Lasagna is one of those always awesome dishes. I've had about seven gazillion different versions, but come back to this one as my favorite. It's Giada DeLaurentis's recipe (and let me just say that life is totally unfair when someone can cook and eat like this, and stay as tiny as she is). I've taken what I like about her recipe and then added my own little spin.
I'm not wild about spinach or ground beef in my lasagna--so I take those out and substitute sausage instead. I keep everything else pretty much the same. This is one of those dishes that takes a lot of time, more than even your normal lasagna, so plan ahead. The bechamel sauce and fresh tomato sauce need to be made earlier in the day, so account for that when you plan for this (total time for this dish, complete with cooling of the sauces, is about 2 to 2 1/2 hours). It's not a throw-it-together kind of meal. Then again, eating lasagna is one of those things that SHOULD take time, not to mention the carbo-nap you'll need afterwards ;-)
Giada's Classic Lasagna--Shirley's Version
- 5 tablespoons unsalted butter
- 1/2 cup all-purpose flour
- 4 cups whole milk at room temperature
- Pinch freshly grated nutmeg
- 1 1/2 cups tomato sauce, recipe follows
- 1/2 cup extra-virgin olive oil
- 1 small onion, chopped
- 2 cloves garlic, chopped
- 1 stalk celery, chopped
- 1 carrot, chopped
- Sea salt and freshly ground black pepper
- 2 (32-ounce) cans crushed tomatoes
- 2 dried bay leaves
- 1 pound ground Italian sausage
- Salt and pepper
- 1 1/2 pounds ricotta cheese
- 3 large eggs
- 1 pound lasagna sheets, cooked al dente
- 3 cups shredded mozzarella
- 1/4 cup freshly grated Parmesan
To make the tomato sauce, heat the oil, then add the vegetables and cook until softened. Add the tomatoes and bay leaves. Simmer for 15 minutes. Cool. Then use either an immersion blender or a regular blender, and blend the sauce until smooth.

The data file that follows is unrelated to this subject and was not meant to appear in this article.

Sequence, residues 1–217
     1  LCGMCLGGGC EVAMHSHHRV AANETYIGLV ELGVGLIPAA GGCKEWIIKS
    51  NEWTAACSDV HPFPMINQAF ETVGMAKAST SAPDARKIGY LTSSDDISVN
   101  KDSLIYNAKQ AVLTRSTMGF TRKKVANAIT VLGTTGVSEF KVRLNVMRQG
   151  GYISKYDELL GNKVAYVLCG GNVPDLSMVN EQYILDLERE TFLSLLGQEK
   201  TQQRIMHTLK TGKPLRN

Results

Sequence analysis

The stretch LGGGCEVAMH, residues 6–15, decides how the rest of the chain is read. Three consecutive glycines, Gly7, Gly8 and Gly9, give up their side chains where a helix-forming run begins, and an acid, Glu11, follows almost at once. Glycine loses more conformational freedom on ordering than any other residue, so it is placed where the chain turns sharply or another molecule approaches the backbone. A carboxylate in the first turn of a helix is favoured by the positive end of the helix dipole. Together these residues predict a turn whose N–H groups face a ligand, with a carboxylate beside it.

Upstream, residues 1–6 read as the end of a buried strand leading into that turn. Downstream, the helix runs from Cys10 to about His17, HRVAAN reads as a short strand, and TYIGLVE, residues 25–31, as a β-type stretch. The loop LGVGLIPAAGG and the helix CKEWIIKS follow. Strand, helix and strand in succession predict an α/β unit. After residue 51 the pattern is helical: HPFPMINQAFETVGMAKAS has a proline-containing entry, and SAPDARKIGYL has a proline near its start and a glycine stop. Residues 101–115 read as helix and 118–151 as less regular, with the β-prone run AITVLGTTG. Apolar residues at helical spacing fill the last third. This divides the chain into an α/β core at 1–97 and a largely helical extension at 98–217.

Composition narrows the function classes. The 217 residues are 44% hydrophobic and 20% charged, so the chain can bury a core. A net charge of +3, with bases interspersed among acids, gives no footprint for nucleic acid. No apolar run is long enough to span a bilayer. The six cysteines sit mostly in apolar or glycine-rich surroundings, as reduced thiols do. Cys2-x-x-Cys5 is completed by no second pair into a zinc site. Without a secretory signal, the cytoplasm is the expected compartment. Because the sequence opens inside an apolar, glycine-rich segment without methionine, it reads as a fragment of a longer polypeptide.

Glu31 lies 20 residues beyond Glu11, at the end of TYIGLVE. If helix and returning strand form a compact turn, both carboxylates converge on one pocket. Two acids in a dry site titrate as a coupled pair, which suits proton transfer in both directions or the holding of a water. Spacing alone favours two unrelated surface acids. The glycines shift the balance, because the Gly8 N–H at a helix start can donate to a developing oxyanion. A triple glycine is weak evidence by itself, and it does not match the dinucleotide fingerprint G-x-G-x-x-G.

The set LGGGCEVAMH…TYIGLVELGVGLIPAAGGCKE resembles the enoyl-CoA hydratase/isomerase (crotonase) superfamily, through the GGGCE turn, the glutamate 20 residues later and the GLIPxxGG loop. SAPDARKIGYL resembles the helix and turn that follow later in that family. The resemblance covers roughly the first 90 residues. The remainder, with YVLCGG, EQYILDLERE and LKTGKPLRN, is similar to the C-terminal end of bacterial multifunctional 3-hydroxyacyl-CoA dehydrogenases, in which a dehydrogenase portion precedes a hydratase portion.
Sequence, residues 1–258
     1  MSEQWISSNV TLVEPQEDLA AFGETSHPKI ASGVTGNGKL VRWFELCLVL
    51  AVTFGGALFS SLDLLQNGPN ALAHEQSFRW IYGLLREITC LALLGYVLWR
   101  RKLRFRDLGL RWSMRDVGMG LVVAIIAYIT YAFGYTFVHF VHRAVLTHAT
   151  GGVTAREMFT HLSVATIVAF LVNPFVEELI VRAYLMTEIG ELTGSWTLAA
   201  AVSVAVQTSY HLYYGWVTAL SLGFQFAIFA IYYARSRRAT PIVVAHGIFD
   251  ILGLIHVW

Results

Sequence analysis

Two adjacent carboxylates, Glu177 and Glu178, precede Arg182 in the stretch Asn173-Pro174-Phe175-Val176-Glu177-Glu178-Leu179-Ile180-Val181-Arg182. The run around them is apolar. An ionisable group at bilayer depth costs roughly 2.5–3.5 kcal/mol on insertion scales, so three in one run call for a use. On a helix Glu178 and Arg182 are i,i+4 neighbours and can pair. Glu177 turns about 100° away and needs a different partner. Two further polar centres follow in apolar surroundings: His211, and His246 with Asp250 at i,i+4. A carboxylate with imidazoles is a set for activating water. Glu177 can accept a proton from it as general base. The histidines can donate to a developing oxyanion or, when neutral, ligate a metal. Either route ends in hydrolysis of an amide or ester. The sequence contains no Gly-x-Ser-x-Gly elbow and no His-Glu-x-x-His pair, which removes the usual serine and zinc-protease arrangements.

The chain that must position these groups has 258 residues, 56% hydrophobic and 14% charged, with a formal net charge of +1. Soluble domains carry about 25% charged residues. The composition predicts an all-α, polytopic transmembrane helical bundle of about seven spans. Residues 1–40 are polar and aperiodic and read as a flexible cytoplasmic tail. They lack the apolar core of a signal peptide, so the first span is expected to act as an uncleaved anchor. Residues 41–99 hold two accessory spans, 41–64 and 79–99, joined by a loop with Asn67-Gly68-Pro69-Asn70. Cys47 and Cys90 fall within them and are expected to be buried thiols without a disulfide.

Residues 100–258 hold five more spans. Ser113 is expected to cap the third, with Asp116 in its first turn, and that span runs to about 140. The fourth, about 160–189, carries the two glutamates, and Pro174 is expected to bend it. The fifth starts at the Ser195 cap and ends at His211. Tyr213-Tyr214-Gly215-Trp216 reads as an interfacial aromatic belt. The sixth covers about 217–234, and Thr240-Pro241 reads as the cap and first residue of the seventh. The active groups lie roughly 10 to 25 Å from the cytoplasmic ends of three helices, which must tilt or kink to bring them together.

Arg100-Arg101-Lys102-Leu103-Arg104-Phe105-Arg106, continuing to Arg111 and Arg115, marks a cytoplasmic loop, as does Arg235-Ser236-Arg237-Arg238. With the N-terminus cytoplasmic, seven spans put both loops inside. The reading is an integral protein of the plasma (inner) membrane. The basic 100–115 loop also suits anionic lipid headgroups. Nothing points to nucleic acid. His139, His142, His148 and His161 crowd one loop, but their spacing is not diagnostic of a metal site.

Mix 1 1/2 cups of the tomato sauce into the bechamel. You'll have extra tomato sauce, so save that for another dinner. It freezes well, and also lasts several days in the fridge.
Brown the sausage and cool. In a large bowl, mix the ricotta cheese and eggs. Set aside. Now you're ready to assemble. Preheat the oven to 375 degrees.
Place 1/3 of the bechamel sauce in the bottom of the lasagna pan. Layer on noodles. Add the sausage, and the ricotta mixture, more noodles, bechamel, rest of the ricottta (and sausage if you have more) and half the mozzarella. Another layer of pasta, then top with bechamel and remaining mozzarella, and Parmesan. Giada has you put the lasagna pan on top of a cookie sheet lined with foil. A good idea if your lasagna might boil over out of the pan.
Bake, covered, for 30 minutes, then remove foil and bake for another 15 minutes or until bubbly and golden brown. I found, however, that I needed to cook it longer than this--45 minutes with foil on, then 20 minutes with it off. Might have been my grumpy oven that day, which every once in a while doesn't cooperate with me. Anyway, this is DELISH, and yeah, it's fattening, but not every day is a diet ;-) Speaking of fattening, I have made it both with the extra butter she recommends, and without, and saw no difference, so I took the butter out here. I'd rather eat more cheese ;-)